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Harlem Hot Shots


The Harlem Hot Shots & Jitterbugs Swingapore


Stephanie Burridge






The University Cultural Centre Theatre




What is a Swedish group with a name like the Harlem Hot Shots that performs American swing period dances doing in Singapore? This eccentric mix underpins the quirky and distinctive character of this dance company that limits itself to performing exclusively within the swing period famous for tap dancing, cakewalks, the Charleston and the Lindy Hop. With a great deal of wit, humour and dancing skill they delivered a show that not only informed and entertained the packed audience of enthusiasts but left them wanting more. After standing ovations and encores, the troupe were on the job in the foyer to pass on the basics of the Lindy Hop to members of the audience. Hard working hoofers indeed.

The show escaped being a standard variety act merely going through the paces of the 20s and 30s dances by using several clever theatrical devices. For example, the dancers themselves introduced each performance with self-deprecating humour, and this was at times a highlight in itself. Who could resist listening to a man speaking about the next dance wearing only the top half of his suit with a green frog protruding from his pocket? The other star of the show was no doubt the archive film footage of the original dances that was constantly projected behind the dancers – this gave the narrative, history, context and a visual backdrop to the performance. It showed stars from the 1920s and 30s, including Bill "Bojangles" Robinson, Buck and Bubbles, and Earl "Snake Hips" Tucker – these stars set the style that the Hot Shots aspired to onstage.

The dancers were extremely competent in the styles they performed and delivered a high-energy performance – although their skills would not necessarily cross over to other forms of dance. The ladies in particular epitomised the look of this era. They recreated this look through careful attention to costume, make-up and the way they used the body, emphasising loose body movements with an emphasis on earthy athleticism rather than the ethereal grace of a ballerina. It was a time when Busby Berkeley famously said "a pair of legs and a pretty face" was all a girl needed to get into one of his shows. And, appropriately enough, Fatima Teffahi recreated the famous solo by Ruby Keeler from the Berkeley movie 42nd Street, giving it the original "gawky" quality that made Keeler a star.

The Harlem Hot Shots succeed because of their adherence to a clear artistic vision and the authenticity of their material. They research all of the dances they perform, and recreate them by seeking out film footage of the original performers of the era. At times the projected footage is danced step-for-step below on stage, and this worked well whenever the movement was relatively simple. It was a less successful device when trying to emulate the extraordinary movement and charismatic quality of Josephine Baker and the exemplary tap style of Bill "Bojangles" Robinson, for example.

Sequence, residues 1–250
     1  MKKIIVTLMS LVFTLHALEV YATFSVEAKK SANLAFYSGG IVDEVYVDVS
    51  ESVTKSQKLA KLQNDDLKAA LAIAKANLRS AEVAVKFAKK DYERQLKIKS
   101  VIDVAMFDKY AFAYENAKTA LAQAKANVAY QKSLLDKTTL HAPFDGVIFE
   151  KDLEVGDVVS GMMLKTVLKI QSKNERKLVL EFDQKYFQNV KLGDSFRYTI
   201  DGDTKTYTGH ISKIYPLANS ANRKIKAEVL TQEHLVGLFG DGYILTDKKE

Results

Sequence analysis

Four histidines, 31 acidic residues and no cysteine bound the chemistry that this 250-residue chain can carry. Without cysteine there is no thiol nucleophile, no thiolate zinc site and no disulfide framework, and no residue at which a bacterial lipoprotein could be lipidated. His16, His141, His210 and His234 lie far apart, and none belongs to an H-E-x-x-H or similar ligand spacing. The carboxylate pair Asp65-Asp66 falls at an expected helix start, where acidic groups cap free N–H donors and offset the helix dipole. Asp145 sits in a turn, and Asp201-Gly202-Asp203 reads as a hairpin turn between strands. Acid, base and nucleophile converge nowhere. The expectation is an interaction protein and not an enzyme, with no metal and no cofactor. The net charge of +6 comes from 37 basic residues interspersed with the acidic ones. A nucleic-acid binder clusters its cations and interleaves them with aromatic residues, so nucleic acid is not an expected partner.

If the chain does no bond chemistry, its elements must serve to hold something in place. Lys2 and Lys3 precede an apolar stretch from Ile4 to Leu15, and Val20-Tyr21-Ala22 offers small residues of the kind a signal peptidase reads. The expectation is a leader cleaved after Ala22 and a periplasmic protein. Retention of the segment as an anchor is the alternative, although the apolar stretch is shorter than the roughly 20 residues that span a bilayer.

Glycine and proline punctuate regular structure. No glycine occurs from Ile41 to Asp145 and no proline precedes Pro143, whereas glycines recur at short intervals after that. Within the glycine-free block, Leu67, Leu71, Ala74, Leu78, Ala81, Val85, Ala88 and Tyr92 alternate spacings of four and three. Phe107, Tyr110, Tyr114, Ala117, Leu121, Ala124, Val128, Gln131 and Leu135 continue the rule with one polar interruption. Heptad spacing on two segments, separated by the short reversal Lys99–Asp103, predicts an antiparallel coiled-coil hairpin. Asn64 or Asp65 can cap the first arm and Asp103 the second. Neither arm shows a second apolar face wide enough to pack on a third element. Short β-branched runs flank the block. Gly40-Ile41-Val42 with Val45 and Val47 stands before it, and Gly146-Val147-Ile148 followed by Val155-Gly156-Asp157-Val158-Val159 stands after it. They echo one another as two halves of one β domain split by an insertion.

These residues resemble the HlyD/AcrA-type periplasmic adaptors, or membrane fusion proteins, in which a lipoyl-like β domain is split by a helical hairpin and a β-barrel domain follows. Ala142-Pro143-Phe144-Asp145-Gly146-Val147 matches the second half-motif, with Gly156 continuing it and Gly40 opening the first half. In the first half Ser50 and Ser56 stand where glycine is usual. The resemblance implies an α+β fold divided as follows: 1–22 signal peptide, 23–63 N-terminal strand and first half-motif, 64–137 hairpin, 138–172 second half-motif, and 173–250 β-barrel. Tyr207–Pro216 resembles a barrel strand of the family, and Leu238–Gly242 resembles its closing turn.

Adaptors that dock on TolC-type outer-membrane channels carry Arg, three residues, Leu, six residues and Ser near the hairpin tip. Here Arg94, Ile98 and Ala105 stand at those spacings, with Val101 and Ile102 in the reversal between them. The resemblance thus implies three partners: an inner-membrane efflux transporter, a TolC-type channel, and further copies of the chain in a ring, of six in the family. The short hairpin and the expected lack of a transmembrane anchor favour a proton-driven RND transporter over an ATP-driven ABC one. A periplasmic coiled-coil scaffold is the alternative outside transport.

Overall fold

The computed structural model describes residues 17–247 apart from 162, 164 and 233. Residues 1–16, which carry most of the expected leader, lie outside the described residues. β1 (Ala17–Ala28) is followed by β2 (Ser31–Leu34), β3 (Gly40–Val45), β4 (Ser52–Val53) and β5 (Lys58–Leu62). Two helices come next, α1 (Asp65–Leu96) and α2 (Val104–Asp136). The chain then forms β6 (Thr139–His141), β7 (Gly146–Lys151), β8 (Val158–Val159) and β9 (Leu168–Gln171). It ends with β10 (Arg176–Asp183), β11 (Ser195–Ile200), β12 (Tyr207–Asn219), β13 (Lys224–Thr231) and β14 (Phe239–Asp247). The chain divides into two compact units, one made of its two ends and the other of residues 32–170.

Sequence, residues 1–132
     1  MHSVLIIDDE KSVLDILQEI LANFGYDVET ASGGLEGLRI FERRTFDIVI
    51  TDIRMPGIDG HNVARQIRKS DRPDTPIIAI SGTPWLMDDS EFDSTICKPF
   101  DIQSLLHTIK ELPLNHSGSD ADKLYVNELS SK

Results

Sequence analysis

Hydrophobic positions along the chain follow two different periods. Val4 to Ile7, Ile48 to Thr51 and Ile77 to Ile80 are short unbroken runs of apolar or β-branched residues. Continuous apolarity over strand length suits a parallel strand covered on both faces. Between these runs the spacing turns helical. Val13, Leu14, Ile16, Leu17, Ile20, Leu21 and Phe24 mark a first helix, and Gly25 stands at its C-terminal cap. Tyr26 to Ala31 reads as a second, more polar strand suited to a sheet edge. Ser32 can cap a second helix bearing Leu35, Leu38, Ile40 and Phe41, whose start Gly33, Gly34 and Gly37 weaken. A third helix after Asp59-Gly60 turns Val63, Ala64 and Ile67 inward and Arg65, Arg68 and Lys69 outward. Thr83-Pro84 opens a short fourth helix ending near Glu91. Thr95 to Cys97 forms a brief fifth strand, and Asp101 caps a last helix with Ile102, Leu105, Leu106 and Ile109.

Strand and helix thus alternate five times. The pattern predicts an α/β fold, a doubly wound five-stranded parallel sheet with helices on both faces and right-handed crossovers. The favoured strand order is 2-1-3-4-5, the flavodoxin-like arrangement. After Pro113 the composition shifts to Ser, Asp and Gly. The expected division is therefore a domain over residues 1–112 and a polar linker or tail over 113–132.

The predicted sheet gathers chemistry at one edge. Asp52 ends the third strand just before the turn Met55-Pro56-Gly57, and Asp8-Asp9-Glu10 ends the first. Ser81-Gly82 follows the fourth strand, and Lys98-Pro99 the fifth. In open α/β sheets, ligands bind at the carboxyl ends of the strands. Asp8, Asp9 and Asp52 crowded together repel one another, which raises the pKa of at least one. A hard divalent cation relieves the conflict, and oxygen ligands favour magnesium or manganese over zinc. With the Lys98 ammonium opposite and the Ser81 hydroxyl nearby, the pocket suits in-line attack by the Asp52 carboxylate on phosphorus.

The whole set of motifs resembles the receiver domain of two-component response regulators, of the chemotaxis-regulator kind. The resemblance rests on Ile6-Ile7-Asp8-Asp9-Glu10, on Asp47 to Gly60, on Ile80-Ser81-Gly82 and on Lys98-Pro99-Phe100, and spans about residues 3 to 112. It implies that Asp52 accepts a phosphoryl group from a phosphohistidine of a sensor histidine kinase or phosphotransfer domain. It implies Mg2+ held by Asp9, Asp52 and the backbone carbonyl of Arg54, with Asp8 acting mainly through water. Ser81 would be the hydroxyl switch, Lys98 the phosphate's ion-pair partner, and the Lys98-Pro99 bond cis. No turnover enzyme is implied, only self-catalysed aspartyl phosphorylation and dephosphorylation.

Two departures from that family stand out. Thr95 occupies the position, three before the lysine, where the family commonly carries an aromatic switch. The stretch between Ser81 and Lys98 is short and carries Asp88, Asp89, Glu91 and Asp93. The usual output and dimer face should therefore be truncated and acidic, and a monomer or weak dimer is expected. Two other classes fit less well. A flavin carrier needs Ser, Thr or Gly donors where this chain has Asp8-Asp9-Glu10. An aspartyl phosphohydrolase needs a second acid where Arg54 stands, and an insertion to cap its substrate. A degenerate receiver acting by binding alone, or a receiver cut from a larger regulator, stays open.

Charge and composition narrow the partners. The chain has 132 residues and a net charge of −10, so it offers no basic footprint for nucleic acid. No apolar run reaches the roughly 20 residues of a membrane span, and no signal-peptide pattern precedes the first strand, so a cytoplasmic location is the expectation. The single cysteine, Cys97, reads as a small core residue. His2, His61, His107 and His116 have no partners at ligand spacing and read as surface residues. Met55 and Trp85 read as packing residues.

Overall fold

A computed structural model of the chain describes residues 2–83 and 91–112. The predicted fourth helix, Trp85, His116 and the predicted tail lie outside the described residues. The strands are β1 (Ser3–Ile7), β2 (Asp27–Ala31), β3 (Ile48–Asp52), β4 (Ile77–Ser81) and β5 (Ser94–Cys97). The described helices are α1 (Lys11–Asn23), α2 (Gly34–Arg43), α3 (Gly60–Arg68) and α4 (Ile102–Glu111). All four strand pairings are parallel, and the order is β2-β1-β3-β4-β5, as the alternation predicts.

As the Hot Shots dancers explained, the tap style they were using had the simplicity of the era, but their insistence on that simplicity led to a problem in the overall production. In a modern world where dancers learn many styles, the Hot Shots dancers' lack of a wider dance technique showed. Also, their taking such "snapshot views" may be an injustice to the era and to dancers like Robinson and Baker whose unique qualities as performing artists would be recognised in any age: their dancing was versatile and not simply about dance steps; it embodied a unique ability to improvise, to entertain and to communicate through the body.

The group wound up the evening with an exciting, show-stopping Lindy Hop with high throws and good energy. It capped off a most interesting and entertaining evening of dance that also posed intriguing questions about authenticity, recreation and context for dance.

Dr Stephanie Burridge is a choreographer, dance critic, researcher and writer. She has been the Artistic Director of Canberra Dance Theatre (Australia), senior lecturer in Performing Arts at LASALLE-SIA, dance critic for the Business Times, and author of numerous papers on dance, education and creativity.

"A most interesting and entertaining evening of dance that also posed intriguing questions about authenticity, recreation and context for dance"


Performers: Fatima Teffahi, Mattias Lundmark, Frida Segerdahl, Lennart Westerlund, Åse Palm, Daniel Heedman, Jenny Deurell and Sakarias Larsson

Ratings out of 5, based on Practitioner's Vision / Reviewer's Response: ***** = Transcendent / Rapturous;
**** = Crystal / Appreciative; *** = Transmitted / Thoughtful; ** = Vague / Unsatisfied; * = Uncommunicated / Mystified.